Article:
The Labour Dispute Mediation Officer will then attempt to reconcile the disputed issues through mediation between the parties.  If a settlement is reached within five days, then the procedures on the execution, registration and publication of an agreement mentioned above will apply.  If, however, no settlement is reached, the labour dispute will be deemed an “unsettled labour dispute”.

  1. Industrial Actions and Arbitration       

Once an unsettled labour dispute has arisen, and provided that the business does not involve certain essential services as defined under the Act, the employer may effect a “lock-out” and the employees may go on “strike”, provided the party taking the action advises the Labour Dispute Mediation Officer in writing and allows a lapse of twenty-four hours before commencing the intended action.  In the case of a strike by a labour union, a resolution passed by a majority vote of all its members at a general meeting is also required.

Instead of the employer or employees opting for a “lock-out” or “strike”, respectively, the parties may agree to submit the unsettled labour dispute to arbitration.  The Act provides the structure for arbitration proceedings and the establishment of “Labour Dispute Arbitrator(s)”. A determination by the Labour Dispute Arbitrator is binding on the parties, not subject to appeal and enforceable for one year from the date of the determination.

  1. Potential issues for Employers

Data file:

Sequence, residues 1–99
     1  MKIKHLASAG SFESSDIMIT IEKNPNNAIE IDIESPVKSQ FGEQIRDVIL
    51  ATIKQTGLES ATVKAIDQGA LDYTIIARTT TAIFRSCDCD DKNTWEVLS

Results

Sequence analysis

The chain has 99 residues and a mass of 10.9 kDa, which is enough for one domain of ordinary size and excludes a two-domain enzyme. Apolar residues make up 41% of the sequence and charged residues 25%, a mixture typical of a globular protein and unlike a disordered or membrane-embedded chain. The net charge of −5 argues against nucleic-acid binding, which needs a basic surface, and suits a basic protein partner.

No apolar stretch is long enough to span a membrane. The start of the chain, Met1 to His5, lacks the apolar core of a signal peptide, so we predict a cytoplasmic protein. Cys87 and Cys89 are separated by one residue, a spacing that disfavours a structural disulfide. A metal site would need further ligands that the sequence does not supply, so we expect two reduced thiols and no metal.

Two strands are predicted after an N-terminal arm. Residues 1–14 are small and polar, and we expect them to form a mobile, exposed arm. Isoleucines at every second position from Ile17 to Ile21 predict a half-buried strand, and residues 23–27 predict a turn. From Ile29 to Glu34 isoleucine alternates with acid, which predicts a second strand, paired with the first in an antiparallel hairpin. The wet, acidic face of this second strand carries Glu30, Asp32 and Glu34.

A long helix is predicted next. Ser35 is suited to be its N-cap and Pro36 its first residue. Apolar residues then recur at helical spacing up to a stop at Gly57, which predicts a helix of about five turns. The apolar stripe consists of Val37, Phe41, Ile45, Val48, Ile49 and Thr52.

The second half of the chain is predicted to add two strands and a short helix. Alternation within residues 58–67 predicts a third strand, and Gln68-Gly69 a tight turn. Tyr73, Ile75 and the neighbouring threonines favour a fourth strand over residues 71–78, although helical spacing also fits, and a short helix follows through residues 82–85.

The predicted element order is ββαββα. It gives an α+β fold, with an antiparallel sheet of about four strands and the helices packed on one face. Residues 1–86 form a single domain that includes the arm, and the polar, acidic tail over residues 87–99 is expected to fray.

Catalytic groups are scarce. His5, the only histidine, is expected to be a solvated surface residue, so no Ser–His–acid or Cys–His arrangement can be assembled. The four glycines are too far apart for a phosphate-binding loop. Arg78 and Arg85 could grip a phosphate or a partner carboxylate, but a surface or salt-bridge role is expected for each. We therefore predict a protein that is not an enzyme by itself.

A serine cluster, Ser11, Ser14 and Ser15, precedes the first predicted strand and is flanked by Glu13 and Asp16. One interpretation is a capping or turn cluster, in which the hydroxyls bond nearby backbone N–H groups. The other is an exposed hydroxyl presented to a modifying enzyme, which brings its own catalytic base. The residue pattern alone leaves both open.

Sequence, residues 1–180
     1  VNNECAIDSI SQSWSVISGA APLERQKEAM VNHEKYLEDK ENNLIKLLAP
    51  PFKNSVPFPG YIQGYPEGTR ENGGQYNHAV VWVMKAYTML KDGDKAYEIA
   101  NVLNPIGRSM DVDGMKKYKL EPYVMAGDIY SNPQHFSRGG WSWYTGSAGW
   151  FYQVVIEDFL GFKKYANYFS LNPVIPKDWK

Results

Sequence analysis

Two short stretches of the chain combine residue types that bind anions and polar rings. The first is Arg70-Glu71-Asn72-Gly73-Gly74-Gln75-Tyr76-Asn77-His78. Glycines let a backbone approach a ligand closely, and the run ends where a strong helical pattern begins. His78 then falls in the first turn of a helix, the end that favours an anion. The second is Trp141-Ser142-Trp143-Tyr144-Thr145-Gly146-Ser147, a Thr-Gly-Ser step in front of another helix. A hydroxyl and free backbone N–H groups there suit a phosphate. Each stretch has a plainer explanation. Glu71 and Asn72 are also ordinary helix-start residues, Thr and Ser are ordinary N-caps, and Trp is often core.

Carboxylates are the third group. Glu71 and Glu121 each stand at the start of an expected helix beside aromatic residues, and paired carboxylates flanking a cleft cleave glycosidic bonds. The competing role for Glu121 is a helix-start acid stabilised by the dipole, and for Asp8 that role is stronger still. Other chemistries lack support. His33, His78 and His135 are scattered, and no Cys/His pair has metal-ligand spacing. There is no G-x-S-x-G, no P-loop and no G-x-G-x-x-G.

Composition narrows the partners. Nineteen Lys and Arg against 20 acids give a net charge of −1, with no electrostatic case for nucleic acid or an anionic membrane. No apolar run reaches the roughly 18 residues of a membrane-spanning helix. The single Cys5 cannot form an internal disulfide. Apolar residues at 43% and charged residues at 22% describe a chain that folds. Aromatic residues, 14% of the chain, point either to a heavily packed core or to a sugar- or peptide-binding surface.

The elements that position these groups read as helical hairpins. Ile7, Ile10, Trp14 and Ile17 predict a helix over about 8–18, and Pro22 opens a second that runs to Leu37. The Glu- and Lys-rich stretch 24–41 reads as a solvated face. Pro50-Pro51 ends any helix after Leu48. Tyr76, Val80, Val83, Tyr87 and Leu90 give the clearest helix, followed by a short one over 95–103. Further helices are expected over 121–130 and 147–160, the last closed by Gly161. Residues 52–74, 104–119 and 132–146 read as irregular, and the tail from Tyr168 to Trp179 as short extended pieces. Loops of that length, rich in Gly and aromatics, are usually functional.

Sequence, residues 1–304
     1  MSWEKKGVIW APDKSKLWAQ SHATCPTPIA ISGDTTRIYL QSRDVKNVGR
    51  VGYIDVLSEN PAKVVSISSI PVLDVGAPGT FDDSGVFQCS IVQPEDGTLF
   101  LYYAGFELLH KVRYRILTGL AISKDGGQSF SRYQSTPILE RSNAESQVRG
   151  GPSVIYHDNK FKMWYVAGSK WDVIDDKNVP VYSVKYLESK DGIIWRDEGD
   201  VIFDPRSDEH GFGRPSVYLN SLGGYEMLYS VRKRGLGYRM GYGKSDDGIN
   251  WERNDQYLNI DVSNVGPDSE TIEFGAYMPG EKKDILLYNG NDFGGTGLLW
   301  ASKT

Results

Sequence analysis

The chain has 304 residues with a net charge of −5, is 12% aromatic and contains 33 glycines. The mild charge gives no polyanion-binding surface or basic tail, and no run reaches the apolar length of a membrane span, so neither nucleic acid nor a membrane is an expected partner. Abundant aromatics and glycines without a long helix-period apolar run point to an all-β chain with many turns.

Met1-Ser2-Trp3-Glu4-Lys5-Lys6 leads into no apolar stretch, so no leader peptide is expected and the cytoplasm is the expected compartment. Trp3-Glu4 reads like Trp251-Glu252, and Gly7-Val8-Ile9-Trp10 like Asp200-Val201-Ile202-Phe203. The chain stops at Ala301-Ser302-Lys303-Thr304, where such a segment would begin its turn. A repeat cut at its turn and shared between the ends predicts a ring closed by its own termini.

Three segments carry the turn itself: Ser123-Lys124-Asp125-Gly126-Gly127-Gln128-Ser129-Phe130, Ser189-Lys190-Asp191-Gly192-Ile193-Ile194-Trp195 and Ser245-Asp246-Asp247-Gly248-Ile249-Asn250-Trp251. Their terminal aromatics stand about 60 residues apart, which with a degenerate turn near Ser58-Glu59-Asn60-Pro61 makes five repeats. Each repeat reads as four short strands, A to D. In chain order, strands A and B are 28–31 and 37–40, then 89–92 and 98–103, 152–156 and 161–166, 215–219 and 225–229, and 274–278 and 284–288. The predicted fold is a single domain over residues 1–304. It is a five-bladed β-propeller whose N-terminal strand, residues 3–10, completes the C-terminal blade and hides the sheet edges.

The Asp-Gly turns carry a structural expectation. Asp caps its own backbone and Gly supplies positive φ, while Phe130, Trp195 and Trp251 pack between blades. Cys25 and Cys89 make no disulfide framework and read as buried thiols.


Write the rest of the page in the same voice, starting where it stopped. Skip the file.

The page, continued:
Under the Act, an employer is prohibited from terminating or re-assigning any employee who has made a demand concerning conditions of employment that is in the process of negotiation, settlement, or arbitration, provided the employee has an interest in the dispute and has not engaged in any of specified activities under the Act deemed detrimental to employer.  The term “conditions of employment” is defined by the Act to include: hiring or working conditions, working days and hours, wages, welfare, termination or other benefits of the employer or the employee pertinent to hiring or working.

Employees who become aware that they will soon be subject to transfer or termination may submit a demand pursuant to Section 13 of the Act, asking, for example, for benefits in addition to those provided by law or that the employer is prepared to offer.  Once the demand is duly submitted, the employer will be forced to undergo the negotiation, mediation and arbitration process described above, and during such time employer cannot transfer or terminate the relevant employees.  It is quite possible that the employer would end up paying more than it has originally intended to do in connection with the transfer or termination of the employees, so it is usually in the employer’s best interest to address any such matters prior to the submission of any employee demand.  To safeguard against possible untoward actions, particularly frivolous demands from the employees, it may be advisable for the employer to advise the labour relations authorities in advance of any intended transfer or termination of its employees.

Section 121 of the Act prohibits the termination of employees (including employees who are members of a labour union) as a result of the employees “calling a rally, filing a complaint, lodging a demand, negotiating or instituting a lawsuit . . . or by reason of the employee or labour union being about to take the said actions . . .” Nonetheless, the courts have held that termination of labour union members may still proceed if there are other sufficient grounds, i.e., where  the termination is not primarily motivated by the employer’s desire to thwart the union activities of employees, and there is a genuine non-union related reason for the termination.  There are precedents where economic necessity has been considered an acceptable basis for termination of union members, but generally, termination of union employees needs to be treated with greater caution than non-unionized employees, particularly those employees who are union leaders.